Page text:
Tag Archives: ganesh chaturthi

The Coconut

coconut

 

 

Bow to the Almighty, shed the negativity

Break open the ego, let the soul flow

Frayed the coconut may be

But with Him, peace be with thee


Among Hindus, coconut holds a symbolic value in worshiping any deity. The hard shell generally is considered to be one’s ego which is broken to let the water (one’s soul) out and then taste the fruit after bowing to God.

This week Indians celebrate Ganesh Chaturthi in honor of Lord Ganesha. I took this photo during the pooja at my house. In the background, you can see the turmeric, fruits and flowers offered during pooja. It coincided well with the challenge of the week Fray and, hence, this post.

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A small disclaimer: I am not religious. More of a hypotheist. More on that in a future post. Keep visiting. πŸ™‚

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The cutest God is here!

When the fervor of Ganesh Chaturthi is in the air, even an atheist is overwhelmed. Such is the passion and devotion!

Ganapati is just one of the thousand deities worshiped in India. So what makes him special? Well, there are plenty of reasons. But for me, it is primarily because – let’s face it – he is the cutest!

http://tinyurl.com/mm47l7n
Source: http://tinyurl.com/mm47l7n

Gods’ generally are depicted as composed, serene and smiling and Goddesses as charming and beautiful. But the general projection of Ganesha is a strong and defiant, obedient one.Β He is also worshiped before beginning any new task, as his blessings are considered auspicious.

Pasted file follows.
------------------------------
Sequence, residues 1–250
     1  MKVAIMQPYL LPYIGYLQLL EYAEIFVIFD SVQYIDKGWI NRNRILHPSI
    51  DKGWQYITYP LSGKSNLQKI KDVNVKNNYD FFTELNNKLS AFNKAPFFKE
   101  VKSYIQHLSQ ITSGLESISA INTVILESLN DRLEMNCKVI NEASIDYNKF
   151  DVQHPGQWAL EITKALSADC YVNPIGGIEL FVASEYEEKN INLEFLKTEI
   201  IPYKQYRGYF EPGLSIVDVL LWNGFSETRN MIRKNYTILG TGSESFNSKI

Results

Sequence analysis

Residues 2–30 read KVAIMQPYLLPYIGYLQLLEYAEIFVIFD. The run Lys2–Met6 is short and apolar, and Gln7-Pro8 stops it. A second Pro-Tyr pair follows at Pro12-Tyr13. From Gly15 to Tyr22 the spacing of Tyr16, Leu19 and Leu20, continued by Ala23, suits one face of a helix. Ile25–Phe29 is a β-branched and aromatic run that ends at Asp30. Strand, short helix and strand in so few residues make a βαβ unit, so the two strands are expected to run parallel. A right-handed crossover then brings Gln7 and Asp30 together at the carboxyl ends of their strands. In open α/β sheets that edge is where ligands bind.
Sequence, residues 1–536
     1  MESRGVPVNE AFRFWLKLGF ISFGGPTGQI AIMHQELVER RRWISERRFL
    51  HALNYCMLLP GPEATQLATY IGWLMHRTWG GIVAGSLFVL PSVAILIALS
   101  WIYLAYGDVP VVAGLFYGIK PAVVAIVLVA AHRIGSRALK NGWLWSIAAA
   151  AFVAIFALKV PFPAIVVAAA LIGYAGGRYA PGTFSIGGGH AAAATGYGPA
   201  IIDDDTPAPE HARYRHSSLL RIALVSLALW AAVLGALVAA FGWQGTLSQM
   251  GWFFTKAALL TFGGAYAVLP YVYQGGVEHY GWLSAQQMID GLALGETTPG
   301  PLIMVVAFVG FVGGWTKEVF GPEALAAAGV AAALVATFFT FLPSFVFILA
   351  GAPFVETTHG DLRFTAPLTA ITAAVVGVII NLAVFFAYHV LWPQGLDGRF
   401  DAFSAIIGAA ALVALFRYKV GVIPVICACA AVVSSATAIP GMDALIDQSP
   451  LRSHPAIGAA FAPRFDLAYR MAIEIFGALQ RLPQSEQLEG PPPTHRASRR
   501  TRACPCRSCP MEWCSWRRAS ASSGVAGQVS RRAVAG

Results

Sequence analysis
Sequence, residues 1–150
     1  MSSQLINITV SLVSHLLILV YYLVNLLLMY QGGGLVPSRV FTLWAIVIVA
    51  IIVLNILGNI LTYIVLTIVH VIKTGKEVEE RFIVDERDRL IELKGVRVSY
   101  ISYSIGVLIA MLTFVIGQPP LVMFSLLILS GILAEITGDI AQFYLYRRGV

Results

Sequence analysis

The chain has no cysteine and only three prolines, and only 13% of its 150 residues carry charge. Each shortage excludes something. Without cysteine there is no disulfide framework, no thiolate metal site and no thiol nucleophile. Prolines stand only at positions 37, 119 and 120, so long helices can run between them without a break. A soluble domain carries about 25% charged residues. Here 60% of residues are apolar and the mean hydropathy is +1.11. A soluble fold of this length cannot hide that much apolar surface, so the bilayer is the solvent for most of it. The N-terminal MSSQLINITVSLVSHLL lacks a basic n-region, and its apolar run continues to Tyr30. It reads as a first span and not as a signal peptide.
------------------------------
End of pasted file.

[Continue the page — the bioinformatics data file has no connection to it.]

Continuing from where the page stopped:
Why he has an elephant head, is a lengthy and interesting story (which can be found here). Putting it briefly, an angered Lord Shiva (his father) had apparently cut off Ganesha’s head when the latter did not heed his command, because he was in turn carrying out Parvati’s (his mother) orders. When Parvati demanded that the deed be undone, his body was retrofitted with an elephant head!

Pre-independent Indians were banned by the Britishers from getting together as a crowd so as to preemptively quash any revolution in the making. Festivals, however, were not banned. Lokmanya Tilak used this to his advantage and popularized public celebrations of the festival to inspire unity. And I personally think that it was a pretty cool idea.

Nevertheless, this day is celebrated with great enthusiasm among the Western and Southern parts of India. I have witnessed it through my childhood and I still enjoy it every year. More than anything, it is an occasion for a get-together of the extended family.

The celebrations go on for about a couple of weeks. I will attempt to capture glimpses and post them if possible.